- Publisher: CAMBRIDGE UNIVERSITY PRESS
- Format: Paperback | 320 pages
- Dimensions: 152mm x 226mm x 20mm | 431g
- Publication date: 30 April 2012
- Publication City/Country: Cambridge
- ISBN 10: 0521746051
- ISBN 13: 9780521746052
- Edition statement: New.
- Illustrations note: 4 b/w illus. 3 tables
- Sales rank: 238,496
This book offers an authoritative overview of the history of evangelicalism as a global movement, from its origins in Europe and North America in the first half of the eighteenth century to its present-day dynamic growth in Africa, Asia, Latin America and Oceania. Starting with a definition of the movement within the context of the history of Protestantism, it follows the history of evangelicalism from its early North Atlantic revivals to the great expansion in the Victorian era, through to its fracturing and reorientation in response to the stresses of modernity and total war in the late nineteenth and early twentieth centuries. It describes the movement's indigenization and expansion toward becoming a multicentered and diverse movement at home in the non-Western world that nevertheless retains continuity with its historic roots. The book concludes with an analysis of contemporary worldwide evangelicalism's current trajectory and the movement's adaptability to changing historical and geographical circumstances.
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Mark Hutchinson is University Historian at the University of Western Sydney. He has also served as founding Director of the Centre for the Study of Australian Christianity (1991-1999) and as Reader in History and Society at Alphacrucis College. His research has been published in the Journal of Religious History, Church History, the History of Education Review and the Australian Journal of Politics and History. John Wolffe is Professor of Religious History at The Open University where he previously served as Head of the Religious Studies Department and as Associate Dean (Research) in the Faculty of Arts. He is the author of several books and numerous articles and book chapters on evangelicalism and British national identities, most recently The Expansion of Evangelicalism (2006).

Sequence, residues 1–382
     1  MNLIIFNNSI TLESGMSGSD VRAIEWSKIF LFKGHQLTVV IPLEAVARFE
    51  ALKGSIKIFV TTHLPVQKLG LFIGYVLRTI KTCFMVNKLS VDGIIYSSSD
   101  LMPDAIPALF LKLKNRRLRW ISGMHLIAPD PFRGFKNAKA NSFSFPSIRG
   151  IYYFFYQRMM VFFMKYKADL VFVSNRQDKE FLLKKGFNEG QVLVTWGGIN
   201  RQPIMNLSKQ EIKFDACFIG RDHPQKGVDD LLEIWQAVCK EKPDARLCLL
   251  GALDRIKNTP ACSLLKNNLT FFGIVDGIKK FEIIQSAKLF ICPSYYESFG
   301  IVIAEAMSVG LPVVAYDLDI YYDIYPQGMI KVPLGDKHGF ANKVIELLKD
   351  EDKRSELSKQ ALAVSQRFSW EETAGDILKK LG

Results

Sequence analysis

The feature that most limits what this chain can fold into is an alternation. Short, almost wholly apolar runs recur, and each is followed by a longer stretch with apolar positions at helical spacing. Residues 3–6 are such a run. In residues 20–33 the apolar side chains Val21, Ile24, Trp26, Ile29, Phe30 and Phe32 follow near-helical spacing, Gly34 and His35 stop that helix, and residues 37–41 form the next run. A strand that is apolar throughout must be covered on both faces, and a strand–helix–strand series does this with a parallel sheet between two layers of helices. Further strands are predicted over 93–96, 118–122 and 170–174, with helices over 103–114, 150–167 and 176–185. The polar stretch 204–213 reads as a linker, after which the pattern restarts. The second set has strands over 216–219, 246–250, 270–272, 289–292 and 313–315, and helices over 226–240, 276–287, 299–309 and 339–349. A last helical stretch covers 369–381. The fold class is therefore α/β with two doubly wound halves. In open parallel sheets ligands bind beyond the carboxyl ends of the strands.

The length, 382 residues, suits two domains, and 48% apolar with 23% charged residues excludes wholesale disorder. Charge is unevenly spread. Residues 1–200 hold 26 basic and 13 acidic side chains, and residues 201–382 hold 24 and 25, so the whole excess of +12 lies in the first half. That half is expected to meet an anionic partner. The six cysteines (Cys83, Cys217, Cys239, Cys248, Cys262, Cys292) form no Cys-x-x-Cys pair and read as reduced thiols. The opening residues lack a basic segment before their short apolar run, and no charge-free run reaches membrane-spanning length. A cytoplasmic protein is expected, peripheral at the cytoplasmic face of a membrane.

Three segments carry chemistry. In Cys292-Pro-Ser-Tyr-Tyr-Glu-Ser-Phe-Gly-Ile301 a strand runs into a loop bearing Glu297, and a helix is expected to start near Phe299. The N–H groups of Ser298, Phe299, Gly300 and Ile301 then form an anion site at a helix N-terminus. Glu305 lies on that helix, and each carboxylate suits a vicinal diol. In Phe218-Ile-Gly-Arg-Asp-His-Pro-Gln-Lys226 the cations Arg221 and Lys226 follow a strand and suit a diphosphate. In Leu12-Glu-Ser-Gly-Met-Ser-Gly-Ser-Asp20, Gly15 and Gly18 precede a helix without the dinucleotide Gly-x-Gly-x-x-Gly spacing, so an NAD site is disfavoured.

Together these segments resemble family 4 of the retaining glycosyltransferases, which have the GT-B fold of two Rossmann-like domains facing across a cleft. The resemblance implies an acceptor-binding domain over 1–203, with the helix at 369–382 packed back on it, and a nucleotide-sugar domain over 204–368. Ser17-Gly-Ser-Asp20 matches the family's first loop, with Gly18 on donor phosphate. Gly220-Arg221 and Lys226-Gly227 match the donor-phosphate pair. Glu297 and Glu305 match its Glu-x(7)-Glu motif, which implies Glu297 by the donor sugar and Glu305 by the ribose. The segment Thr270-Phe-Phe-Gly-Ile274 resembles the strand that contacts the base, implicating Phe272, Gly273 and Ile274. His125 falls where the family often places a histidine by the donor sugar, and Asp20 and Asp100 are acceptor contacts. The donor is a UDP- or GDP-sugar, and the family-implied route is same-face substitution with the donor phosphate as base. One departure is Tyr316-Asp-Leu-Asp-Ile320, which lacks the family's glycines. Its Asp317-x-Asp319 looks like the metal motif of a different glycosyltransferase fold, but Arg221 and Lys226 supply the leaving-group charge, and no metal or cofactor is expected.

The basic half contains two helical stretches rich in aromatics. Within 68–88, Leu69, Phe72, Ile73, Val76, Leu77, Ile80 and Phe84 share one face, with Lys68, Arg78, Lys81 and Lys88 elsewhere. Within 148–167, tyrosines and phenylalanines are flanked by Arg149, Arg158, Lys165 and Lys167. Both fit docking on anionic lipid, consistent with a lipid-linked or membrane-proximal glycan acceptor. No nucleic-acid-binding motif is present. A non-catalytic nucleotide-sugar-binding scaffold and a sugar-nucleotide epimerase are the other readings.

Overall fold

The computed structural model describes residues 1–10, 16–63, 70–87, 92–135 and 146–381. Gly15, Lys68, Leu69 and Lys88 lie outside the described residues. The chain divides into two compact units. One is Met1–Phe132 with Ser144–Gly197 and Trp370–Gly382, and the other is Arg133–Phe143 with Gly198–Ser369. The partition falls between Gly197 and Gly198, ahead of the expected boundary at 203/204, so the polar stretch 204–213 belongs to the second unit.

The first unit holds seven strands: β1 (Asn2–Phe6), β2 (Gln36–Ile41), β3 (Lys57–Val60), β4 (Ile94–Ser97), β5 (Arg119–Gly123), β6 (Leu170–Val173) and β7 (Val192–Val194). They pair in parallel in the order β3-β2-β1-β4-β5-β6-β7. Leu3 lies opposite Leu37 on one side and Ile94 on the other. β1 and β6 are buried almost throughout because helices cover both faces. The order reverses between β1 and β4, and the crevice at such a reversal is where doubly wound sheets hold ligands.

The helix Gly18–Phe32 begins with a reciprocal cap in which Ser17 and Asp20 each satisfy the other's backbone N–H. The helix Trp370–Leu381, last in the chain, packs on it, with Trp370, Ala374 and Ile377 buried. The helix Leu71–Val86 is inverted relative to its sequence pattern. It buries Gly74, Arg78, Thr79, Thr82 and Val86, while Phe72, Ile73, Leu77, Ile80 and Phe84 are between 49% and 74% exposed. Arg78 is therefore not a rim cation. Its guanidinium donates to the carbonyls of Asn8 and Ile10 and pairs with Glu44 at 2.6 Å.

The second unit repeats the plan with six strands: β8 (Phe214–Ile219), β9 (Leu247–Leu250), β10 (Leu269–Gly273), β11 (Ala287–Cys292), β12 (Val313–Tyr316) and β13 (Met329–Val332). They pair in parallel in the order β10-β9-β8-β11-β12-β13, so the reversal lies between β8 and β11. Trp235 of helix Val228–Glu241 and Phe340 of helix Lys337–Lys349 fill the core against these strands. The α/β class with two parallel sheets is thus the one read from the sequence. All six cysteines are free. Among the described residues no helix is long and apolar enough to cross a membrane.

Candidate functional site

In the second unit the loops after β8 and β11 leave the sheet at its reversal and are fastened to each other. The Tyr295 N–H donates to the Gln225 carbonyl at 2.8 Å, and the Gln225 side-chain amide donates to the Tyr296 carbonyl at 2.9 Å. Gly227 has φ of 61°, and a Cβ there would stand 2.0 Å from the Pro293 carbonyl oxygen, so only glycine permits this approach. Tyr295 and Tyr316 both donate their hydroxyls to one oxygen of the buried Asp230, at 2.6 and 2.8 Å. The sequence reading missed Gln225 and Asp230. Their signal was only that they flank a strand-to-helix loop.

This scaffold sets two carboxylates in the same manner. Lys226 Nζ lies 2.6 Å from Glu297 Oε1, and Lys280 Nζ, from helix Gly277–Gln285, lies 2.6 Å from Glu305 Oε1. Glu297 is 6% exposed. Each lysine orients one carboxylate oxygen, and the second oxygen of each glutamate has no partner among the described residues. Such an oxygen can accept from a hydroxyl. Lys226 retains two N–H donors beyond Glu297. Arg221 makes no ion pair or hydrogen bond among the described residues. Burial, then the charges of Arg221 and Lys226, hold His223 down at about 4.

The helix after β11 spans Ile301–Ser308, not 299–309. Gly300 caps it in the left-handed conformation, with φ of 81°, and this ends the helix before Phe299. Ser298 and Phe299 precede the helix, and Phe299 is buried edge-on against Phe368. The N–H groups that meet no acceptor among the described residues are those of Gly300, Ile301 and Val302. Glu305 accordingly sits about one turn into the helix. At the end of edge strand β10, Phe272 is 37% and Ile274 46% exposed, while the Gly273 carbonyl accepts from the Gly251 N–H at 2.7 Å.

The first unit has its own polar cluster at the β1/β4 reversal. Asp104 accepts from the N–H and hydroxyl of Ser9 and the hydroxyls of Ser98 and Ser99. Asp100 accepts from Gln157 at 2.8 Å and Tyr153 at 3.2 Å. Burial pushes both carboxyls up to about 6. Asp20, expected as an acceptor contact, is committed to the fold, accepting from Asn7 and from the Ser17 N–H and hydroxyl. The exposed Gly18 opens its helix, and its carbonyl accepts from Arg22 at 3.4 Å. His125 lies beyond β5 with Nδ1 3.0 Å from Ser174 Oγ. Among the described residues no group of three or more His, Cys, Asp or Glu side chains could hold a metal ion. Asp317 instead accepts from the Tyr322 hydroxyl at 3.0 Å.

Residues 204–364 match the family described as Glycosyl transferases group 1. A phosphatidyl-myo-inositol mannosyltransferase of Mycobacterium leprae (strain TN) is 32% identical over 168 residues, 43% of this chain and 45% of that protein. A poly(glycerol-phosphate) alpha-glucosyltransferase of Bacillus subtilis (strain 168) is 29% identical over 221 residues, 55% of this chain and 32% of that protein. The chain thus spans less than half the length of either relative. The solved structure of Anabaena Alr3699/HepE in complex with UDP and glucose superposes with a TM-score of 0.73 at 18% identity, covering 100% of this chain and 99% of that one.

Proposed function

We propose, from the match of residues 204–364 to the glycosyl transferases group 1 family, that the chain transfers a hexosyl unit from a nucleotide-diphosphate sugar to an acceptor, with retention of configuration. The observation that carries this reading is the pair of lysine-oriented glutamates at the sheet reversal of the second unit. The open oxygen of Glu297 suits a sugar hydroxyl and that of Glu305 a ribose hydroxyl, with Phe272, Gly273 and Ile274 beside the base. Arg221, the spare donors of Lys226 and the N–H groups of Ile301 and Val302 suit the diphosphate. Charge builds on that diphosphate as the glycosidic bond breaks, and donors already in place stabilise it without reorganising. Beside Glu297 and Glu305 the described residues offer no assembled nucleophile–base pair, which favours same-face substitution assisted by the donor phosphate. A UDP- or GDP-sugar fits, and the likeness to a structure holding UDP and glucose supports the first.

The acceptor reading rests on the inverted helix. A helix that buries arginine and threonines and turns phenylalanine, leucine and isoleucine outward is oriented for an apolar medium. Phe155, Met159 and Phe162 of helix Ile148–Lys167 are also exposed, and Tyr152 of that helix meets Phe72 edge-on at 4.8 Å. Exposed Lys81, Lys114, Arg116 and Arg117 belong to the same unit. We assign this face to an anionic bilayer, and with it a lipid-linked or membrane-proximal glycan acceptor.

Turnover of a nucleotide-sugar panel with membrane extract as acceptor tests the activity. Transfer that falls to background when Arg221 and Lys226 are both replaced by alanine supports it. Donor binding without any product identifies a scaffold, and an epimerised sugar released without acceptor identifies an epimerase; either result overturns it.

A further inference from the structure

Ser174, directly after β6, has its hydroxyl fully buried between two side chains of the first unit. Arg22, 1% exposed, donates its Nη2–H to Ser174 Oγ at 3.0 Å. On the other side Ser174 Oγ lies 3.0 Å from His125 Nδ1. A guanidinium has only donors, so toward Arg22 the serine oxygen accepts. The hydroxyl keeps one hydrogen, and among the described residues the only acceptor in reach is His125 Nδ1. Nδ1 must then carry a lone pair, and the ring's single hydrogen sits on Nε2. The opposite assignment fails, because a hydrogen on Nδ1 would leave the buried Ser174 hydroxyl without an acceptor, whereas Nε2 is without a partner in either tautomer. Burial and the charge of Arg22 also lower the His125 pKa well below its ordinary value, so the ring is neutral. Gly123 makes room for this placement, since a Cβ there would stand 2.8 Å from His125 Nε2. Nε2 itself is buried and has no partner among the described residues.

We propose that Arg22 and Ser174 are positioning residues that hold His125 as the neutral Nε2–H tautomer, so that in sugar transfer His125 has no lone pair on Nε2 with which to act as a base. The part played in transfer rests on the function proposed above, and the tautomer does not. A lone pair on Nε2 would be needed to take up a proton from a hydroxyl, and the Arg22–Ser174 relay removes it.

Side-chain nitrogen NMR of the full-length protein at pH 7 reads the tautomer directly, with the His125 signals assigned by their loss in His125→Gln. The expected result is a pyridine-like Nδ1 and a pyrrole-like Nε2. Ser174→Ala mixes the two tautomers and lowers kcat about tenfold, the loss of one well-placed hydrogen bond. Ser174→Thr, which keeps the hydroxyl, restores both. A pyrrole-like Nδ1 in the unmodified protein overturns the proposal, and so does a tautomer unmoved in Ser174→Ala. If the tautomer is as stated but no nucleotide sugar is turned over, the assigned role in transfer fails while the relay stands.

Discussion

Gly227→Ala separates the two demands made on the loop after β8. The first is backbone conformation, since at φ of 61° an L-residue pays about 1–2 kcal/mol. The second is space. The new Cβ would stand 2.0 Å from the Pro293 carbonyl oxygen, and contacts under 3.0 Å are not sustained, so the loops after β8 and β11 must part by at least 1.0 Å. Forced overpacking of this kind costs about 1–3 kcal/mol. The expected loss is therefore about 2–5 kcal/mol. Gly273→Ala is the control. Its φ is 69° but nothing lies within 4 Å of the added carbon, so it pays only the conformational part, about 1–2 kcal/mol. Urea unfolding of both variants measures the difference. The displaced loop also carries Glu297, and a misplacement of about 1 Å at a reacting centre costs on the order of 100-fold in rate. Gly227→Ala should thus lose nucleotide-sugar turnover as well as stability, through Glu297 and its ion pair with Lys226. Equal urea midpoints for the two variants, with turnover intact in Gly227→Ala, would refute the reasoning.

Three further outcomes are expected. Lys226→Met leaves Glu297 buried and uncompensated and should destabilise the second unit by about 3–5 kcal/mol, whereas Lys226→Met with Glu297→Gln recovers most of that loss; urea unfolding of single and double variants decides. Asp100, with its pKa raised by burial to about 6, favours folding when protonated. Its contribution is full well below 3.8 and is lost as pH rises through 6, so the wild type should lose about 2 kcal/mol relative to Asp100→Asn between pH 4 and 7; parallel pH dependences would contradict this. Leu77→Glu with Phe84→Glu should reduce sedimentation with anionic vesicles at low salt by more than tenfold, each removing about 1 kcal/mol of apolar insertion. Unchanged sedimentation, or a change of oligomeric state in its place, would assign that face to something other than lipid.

'... remarkably detailed for a short study of such a vast subject ... a useful resource.' James Collins, Evangelical Quarterly '... an important discussion on the doctrinal understandings of evangelicalism in its wide range of adherents.' Religious Studies Review '[Hutchinson and Wolffe] aim to synthesise existing scholarship and to add to it fresh research in order to create a picture of evangelicalism as a whole from its origins as a renewal movement on the margins of mainstream North Atlantic religious life in the 1730s to its prominence as a worldwide movement today ... this book represents a tremendous achievement. It is consistently both thoughtful and thought-provoking and is a miracle of compression ... [it] clearly establishes the importance of the movement as a topic for further study in the contemporary work and the fascination of the history from which it has emerged - for this we are all in Hutchinson's and Wolffe's debt.' Mark Smith, Wesley and Methodist Studies
Table of contents
Preface; 1. Understanding evangelicalism; 2. 'The surprising work of God': origins to 1790s; 3. Volunteering for the kingdom: 1790s to 1840s; 4. The kingdom enlarged and contested: 1840s to 1870s; 5. A new global spiritual unity: 1870s to 1914; 6. Fighting wars and engaging modernity: 1900s to 1945; 7. Towards global trans-denominationalism: 1945 to 1970s; 8. 'The actual arithmetic': a survey of contemporary global evangelicalism; 9. Localism and transnationality: 1970s to 2010; 10. Conclusion.